(Eta, the efficiency loss during a full charge cycle, will also incur an additional cost due to more electricity demand: an additional demand of (1/eta — 1) per unit of discharge energy will be needed in total. This can nevertheless be considered when calculating the MEV of the storage unit.)

Below is an example of how the minimum required discharge time for the marginal storage unit should be calculated, with the RL profile of Germany in week 30, 2020. The peak RL was around 36 GW. To reduce the peak to 35 GW for the week, only a few hours of discharge time would be needed. Reducing the peak to 30 GW will require around half a day of discharge time. Reducing the peak to 25 GW will require around two days of discharge time.

VRE, when installed with storage units, might provide additional capacity value to the power system. This can be demonstrated by the following three graphs: in this specific case, VRE and storage together can provide more capacity value than the sum of the capacity value when only one of these technologies is deployed.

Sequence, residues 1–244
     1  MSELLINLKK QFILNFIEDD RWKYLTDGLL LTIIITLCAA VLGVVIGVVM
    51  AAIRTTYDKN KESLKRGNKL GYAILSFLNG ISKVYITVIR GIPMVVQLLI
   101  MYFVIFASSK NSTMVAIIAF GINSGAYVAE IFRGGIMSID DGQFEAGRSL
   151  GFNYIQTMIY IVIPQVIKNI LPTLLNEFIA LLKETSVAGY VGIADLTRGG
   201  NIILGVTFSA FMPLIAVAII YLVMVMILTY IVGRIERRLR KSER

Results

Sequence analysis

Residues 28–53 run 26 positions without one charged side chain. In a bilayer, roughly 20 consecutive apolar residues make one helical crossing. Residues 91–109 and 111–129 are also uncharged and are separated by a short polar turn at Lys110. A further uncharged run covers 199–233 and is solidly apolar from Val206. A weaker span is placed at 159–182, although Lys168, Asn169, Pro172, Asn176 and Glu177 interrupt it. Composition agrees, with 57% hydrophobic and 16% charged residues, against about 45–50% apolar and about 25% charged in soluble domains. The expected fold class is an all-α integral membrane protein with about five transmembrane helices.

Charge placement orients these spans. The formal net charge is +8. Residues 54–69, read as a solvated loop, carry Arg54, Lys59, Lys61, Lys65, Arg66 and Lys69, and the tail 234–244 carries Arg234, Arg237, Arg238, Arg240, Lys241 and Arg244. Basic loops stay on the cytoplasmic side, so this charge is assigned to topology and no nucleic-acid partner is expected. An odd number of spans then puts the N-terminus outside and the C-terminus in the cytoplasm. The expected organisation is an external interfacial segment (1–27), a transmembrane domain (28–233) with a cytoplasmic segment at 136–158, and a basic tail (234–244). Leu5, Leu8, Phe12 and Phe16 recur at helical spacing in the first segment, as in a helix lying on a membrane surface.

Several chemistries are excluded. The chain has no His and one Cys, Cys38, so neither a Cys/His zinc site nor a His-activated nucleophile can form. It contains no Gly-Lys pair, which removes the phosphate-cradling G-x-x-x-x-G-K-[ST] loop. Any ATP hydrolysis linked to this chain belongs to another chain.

# A Word on Fair Reserve Obligation for Retailers

To provide sufficient capacity to meet the long term reserve margin requirements, retailers in the electricity markets are usually given reserve obligation quotas which they must meet by the generators or other flexible resources (virtual power plants, large scale batteries, etc.) they sign contracts with, or by procuring surplus reserve capability from the third party.

A fair allocation of reserve obligation for retailers should also follow the Principle of Equipartition of Contribution: the average market share of a retailer during the time intervals which a marginal unit of reserve capacity is used should be the share of the corresponding unit of reserve capacity that retailer is responsible for. The total reserve obligation for that retailer can then be obtained by integrating the shares of the responsibility along the DLDC, as shown in the figure below.

--

--

## More from Renewable Energy Digest

Covering renewable energy development and deployment around the world.

## Tony Yen

A Taiwanese student who studied Renewable Energy in Freiburg. Now studying smart distribution grids / energy systems in Trondheim.